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British Columbia had the lowest sales of legal cannabis of any province on a per-capita basis in July, nine months after legalization, as its sluggish rollout of retail stores failed to deflate the province’s long-standing black market.

Right next door, Alberta, which has hundreds of retail stores, sold more than four times the dollar value of legal cannabis per person.

B.C. recorded $5.5-million of legal cannabis sales in July, its strongest month to date, according to the latest Statistics Canada figures. It lagged smaller provinces such as Nova Scotia, and found itself well behind Ontario’s pace-setting $29.6-million in sales.

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Put another way, B.C. sold $1.09 of legal cannabis for every resident, compared with $9.55 in Prince Edward Island and $5.91 in Nova Scotia. The weak sales suggest B.C. will face a longer road than most in eradicating the black market.

“I think [B.C. has] a worse version of the same problem every other province has, which is that existing cannabis users, if they have an illegal dealer that they like … consumer inertia would be to stick with that dealer,” says Michael Armstrong, a business professor at Brock University in St. Catharines, Ont., who studies the industry.

The reason it’s worse, Prof. Armstrong says, is because B.C. has an especially developed black market that’s been built up over decades. Indeed, the province’s cannabis roots date back to the 1960s, when American draft dodgers arrived in the province with seeds. In time, B.C. evolved into a marijuana centre and the country’s largest producer.

Moreover, before recreational cannabis was legalized last October, hundreds of “grey market” dispensaries operated across the province. Since legalization, authorities have cracked down on these establishments, though some dispensaries have converted into legal enterprises.

A tepid rollout of retail stores has also weighed on legal sales. Though B.C. offered digital orders on Day One of legalization, it had only one government-run store in Kamloops. (B.C. is the only province that has taken a mixed public- and private-sector approach to retailing.)

Since then, store openings have been slow to ramp up. Six government-run stores have opened thus far, with another 10 on the way, according to the BC Cannabis Stores’ website. The private sector hints at much stronger store supply: 109 private retail licences have been issued, though not all locations are open.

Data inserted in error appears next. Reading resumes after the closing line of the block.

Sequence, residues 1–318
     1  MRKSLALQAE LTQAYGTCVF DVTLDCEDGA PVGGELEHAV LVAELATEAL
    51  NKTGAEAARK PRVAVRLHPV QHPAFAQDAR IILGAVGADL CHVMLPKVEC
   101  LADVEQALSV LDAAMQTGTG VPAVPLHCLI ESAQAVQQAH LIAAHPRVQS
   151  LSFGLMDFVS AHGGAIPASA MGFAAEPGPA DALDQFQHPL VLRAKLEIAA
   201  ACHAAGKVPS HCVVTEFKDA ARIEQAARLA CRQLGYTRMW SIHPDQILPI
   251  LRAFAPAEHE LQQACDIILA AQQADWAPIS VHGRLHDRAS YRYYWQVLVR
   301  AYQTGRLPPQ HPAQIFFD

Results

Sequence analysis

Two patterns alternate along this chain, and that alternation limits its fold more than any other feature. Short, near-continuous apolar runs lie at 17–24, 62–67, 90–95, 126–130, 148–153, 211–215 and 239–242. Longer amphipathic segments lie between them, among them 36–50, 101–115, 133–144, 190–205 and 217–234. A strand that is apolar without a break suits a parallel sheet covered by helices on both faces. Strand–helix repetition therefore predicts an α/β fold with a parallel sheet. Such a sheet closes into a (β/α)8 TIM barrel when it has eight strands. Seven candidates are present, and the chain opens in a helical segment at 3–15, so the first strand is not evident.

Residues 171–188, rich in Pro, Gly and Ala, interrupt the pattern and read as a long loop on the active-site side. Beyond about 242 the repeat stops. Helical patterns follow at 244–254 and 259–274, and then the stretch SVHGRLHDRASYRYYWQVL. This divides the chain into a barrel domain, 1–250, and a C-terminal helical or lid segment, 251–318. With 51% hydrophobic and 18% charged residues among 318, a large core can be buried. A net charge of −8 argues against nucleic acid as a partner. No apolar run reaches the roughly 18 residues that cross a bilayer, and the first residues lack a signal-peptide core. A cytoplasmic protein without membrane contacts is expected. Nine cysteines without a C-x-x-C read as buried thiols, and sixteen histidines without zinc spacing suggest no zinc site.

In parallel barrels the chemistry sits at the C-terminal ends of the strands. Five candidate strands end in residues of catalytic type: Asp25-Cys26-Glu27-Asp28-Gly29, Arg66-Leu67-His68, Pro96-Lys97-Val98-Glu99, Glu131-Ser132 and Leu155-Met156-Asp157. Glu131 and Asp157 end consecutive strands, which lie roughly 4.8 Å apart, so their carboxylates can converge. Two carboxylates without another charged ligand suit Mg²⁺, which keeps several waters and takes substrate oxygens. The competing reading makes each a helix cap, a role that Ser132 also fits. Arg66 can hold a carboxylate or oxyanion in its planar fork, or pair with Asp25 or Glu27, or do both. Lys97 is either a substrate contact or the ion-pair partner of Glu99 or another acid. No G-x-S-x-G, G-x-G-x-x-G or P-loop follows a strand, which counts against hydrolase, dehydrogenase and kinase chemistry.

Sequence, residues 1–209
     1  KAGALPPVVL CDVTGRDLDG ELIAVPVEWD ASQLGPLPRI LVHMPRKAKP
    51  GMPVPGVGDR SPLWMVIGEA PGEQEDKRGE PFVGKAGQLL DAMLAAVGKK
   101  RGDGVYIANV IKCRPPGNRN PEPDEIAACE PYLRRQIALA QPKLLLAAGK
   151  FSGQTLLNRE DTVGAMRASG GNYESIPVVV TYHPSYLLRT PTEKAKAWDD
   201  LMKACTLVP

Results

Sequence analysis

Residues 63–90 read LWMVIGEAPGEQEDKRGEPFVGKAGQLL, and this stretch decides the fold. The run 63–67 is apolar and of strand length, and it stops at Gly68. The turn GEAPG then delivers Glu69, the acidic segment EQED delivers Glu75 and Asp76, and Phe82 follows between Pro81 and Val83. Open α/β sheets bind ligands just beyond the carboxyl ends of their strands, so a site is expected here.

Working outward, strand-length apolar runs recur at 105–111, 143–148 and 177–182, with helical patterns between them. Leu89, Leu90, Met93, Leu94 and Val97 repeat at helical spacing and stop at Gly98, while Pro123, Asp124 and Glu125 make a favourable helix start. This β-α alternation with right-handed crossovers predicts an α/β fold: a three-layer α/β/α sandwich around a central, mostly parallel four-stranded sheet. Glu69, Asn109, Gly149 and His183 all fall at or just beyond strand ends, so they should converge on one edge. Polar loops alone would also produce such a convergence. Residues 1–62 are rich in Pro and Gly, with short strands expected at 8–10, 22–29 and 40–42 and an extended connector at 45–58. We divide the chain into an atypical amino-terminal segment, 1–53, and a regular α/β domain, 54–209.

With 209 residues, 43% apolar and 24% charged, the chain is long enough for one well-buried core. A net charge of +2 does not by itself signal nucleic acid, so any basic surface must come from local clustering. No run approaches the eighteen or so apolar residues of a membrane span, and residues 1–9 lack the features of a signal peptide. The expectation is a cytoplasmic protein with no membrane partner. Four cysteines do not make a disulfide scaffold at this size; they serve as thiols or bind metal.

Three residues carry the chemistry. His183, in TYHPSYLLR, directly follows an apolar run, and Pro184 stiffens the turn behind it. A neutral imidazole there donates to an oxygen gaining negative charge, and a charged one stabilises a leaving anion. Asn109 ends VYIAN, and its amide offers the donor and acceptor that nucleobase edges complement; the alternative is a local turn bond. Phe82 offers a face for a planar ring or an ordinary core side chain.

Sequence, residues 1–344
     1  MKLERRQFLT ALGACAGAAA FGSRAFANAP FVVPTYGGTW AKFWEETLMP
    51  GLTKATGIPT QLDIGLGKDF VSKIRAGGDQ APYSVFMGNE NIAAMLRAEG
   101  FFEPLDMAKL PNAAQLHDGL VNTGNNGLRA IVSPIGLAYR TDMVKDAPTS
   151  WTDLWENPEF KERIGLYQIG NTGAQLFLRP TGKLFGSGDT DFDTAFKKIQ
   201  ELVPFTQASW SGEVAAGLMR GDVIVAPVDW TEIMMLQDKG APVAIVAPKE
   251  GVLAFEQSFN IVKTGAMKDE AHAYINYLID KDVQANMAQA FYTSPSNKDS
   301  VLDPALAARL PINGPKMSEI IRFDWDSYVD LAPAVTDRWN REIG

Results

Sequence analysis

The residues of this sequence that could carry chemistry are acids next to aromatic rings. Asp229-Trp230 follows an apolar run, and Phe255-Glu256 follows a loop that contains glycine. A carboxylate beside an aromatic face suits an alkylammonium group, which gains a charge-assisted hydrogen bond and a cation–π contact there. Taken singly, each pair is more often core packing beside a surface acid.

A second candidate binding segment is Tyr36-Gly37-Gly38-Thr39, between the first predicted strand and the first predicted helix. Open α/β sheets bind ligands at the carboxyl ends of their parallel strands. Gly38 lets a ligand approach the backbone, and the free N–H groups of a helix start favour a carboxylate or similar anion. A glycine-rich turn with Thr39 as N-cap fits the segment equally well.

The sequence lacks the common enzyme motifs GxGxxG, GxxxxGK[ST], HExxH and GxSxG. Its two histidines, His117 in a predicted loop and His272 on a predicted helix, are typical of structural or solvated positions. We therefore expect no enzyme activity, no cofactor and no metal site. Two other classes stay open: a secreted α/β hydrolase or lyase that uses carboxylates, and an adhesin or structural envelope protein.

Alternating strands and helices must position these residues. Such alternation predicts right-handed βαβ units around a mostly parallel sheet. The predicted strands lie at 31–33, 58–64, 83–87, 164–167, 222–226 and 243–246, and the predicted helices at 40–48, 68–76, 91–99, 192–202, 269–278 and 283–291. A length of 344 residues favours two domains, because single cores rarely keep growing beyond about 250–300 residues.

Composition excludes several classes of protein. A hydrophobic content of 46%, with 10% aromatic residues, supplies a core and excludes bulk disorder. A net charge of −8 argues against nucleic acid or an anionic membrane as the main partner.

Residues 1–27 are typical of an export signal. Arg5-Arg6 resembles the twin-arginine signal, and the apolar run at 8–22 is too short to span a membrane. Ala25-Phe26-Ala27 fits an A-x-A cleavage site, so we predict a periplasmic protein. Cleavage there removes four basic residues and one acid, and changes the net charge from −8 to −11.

“Supply shortages and slower than anticipated provincial and municipal approvals resulted in the B.C. cannabis industry evolving at a slower than expected rate,” said the BC Liquor Distribution Branch, which handles public-sector retail sales of non-medical cannabis, in its annual report.

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By comparison, Alberta has allowed a surge of retail stores. Thus far, there are nearly 290 locations either open or authorized to sell legal cannabis, and retail sales are handled exclusively by the private sector. Alberta has easily the highest number of stores among Canadian provinces.

The impact is evident in sales figures. Through July, Alberta has sold roughly $145-million of legal cannabis, compared with $25-million in B.C.

Store supply issues are not exclusive to B.C. “To date, the largest provinces in Canada have issued a small number of cannabis retail licenses relative to their estimated potential,” AltaCorp Capital said in a recent research note, pointing to such markets as Ontario and Quebec.

Pricing is another sizable hurdle. Cannabis is typically much cheaper when bought through illegal channels, consumers and industry watchers say. A Statscan survey in the second quarter found that legal marijuana was about 80 per cent more expensive than illegal product on a per-gram basis.

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